I began another glorious, breezy late summer morning with writing. Hank's trying his hardest to flirt with Leia. She's more focused on saving the Cottages than on how he feels about her. He claims to not care about the Cottages, insisting that he's on the run from local gangster Jasper Hutt. He intends for him and Charlie to clear out as soon as they can make enough money. She wishes he'd help. He lives there, too. He says he has no interest in anyone's cause.
Work was even quieter today than it was yesterday. It's the middle of a month and a gorgeous day, and we're between holidays. I was immediately told to vacuum the damn freezer leaks again. This was weird. It wasn't humid at all? Why were they leaking? I finally decided that the head of the frozen food department was right. The sandbags needed to be changed again. That took the better part of an hour, but it was worth it. The freezers did look better when I finished.
Of course, the moment I finished, I got called out to help the head manager with carts. I wouldn't have minded that...except I was 10 minutes from break. Of course my break ended up being a half-hour late. Later, I had to take out the outdoor trash. I wouldn't have minded that either, if someone hadn't tossed their whole order into one.
I was very grateful when I finally got off work. Got my schedule first. It's...exactly the same as last week. Same hours, same days off. On one hand, that means I'll be able to get more writing done and enjoy the many fairs, block parties, yard sales, and flea markets planned for tomorrow and next Saturday. On the other hand, I really could use more hours.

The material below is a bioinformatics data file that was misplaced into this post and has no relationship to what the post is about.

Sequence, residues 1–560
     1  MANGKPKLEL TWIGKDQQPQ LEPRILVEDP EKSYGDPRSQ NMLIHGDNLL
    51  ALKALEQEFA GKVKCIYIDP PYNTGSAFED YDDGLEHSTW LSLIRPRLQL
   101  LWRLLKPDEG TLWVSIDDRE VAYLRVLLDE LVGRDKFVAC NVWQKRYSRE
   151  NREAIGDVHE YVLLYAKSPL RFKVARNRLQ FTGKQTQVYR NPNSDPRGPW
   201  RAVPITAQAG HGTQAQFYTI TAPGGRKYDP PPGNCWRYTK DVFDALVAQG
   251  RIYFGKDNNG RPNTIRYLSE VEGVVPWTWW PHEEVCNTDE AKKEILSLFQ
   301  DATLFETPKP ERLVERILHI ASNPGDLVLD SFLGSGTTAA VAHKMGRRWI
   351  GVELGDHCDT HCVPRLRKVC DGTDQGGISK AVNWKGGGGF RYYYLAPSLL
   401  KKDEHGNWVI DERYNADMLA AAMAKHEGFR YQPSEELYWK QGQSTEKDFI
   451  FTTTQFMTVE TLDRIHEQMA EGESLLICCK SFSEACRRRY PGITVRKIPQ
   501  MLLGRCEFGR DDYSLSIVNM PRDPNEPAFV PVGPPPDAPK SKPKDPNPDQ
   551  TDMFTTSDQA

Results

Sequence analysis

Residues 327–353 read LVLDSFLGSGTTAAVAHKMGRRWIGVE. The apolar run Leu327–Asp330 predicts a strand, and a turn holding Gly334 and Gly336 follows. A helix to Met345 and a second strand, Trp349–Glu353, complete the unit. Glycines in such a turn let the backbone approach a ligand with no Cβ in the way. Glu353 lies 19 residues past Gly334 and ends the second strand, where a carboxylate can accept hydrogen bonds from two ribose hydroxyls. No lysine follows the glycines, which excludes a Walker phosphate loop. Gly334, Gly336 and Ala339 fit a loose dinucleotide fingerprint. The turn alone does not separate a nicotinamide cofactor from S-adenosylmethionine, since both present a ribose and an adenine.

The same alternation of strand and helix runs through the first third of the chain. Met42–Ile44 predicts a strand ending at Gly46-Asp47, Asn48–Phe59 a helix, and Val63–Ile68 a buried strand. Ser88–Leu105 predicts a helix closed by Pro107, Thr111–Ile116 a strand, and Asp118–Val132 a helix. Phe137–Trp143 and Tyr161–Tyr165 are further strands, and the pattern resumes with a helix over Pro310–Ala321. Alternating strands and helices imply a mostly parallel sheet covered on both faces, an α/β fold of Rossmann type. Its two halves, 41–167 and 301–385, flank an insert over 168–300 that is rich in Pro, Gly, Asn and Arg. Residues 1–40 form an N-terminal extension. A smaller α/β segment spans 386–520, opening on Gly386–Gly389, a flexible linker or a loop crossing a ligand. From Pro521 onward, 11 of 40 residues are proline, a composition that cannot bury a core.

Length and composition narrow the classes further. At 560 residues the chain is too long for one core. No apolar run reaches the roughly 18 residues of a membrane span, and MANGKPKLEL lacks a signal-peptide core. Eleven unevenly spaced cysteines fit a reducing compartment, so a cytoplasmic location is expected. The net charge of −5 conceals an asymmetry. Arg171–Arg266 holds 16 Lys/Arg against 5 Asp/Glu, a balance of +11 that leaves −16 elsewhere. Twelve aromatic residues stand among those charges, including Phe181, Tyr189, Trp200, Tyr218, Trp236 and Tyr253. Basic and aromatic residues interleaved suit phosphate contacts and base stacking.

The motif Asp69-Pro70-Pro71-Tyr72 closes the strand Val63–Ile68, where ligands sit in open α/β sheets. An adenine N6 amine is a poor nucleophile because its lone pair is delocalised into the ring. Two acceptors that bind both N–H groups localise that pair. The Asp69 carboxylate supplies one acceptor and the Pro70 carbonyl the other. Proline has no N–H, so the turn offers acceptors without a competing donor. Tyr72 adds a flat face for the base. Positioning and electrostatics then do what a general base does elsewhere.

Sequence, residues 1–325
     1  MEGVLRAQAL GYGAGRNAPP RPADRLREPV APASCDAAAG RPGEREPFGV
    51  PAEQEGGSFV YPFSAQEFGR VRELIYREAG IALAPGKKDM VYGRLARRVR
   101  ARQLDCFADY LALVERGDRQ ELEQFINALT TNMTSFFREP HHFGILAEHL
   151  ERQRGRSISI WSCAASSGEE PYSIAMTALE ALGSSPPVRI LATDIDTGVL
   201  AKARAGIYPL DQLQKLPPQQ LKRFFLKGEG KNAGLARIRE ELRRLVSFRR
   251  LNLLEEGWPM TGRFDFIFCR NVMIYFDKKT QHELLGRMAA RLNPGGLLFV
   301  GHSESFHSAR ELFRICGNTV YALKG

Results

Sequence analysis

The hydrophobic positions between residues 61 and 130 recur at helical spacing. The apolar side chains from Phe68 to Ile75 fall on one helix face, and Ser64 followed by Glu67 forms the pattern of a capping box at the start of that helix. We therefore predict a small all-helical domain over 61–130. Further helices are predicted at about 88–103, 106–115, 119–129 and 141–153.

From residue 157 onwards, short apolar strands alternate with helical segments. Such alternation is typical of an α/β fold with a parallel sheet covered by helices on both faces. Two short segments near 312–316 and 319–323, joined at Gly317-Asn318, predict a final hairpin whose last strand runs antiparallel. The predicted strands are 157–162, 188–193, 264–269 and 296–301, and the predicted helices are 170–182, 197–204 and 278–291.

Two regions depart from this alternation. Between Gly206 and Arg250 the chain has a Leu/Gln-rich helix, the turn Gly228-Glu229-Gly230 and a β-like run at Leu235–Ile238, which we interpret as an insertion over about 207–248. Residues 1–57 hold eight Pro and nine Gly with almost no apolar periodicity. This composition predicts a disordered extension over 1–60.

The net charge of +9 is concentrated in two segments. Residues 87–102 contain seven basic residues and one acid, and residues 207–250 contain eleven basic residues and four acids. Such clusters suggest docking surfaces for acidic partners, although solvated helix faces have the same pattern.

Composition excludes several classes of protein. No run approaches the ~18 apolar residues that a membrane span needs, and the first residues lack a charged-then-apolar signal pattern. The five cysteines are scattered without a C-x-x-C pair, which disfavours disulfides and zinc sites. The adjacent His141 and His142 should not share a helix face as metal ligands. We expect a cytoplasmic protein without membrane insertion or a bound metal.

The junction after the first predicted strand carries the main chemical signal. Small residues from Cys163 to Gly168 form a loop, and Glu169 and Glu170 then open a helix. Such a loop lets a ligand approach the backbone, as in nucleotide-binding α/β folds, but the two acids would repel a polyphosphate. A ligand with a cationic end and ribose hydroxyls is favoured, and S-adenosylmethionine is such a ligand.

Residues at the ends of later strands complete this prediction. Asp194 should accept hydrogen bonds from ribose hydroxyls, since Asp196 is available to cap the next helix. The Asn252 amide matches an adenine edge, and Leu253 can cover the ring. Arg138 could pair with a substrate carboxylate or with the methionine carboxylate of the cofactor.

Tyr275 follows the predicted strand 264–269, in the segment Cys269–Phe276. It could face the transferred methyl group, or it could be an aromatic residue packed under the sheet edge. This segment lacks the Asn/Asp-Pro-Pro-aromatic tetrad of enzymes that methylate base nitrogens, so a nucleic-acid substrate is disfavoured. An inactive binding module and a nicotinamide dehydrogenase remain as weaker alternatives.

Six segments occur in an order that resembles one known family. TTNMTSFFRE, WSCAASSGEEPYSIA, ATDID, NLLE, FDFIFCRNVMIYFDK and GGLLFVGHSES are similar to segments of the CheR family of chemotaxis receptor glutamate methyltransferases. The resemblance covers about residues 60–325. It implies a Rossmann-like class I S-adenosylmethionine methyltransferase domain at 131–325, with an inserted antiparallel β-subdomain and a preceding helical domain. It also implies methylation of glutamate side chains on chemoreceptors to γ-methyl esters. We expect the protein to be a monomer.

It's probably just as well that I didn't need much in the way of groceries. I was mostly restocking my pantry. Bought diced tomatoes, black beans, crushed pineapple, mandarin oranges, canned apricots, honey, and molasses. The Acme/Safeway generic brand cereal was on a really good sale - went with bran flakes. My order went through, but I couldn't take out money. I guess my paycheck was still processing. (I direct deposit.)
When I got home, I put everything away, then ate leftovers for dinner while finishing out Animal Crackers. Moved to the 1945 version of State Fair while dusting the living room. The Frake family has high hopes for this year's Iowa State Fair. Mrs. Frake (Faye Bannier) is entering her pickles and her (extremely brandy-spiked) mincemeat. Margy (Jeanne Crain) just wants to get out of town and get away from her bore of a boyfriend. Wayne (Dick Haymes) wants to get back at a fellow who humiliated him at the ring toss the year before. Mr. Frake (Charles Winninger) has been raising Blue Boy, an enormous hog, and bets with a gloomy neighbor that he'll win first prize. Everyone gets what they want in the end...including the kids. Wayne falls for a stunning singer (Vivian Blaine), but she's got her own problems. Margy has more luck with a dashing reporter (Dana Andrews).
State Fair was Rogers and Hammerstein's first musical for the big screen, and would be their only original. I've always liked this one. This is another movie Mom used to rent for us a lot before we finally got our own copy later in the 90's. Margy's ballad "It Might as Well Be Spring" won Rogers and Hammerstein's only Oscar for best song, but I prefer the ensemble number "It's a Grand Night For Singing." Sexy Andrews and sassy Crain are having a lot more fun than the stiff Haymes and Blaine. Bannier and Winninger are adorable as the parents.
If you're a fan of the cast, 40's musicals, or Rogers and Hammerstein, this is one of their most charming musicals and is recommended. (There was also a 1962 film and a 1997 stage version. They're just ok.)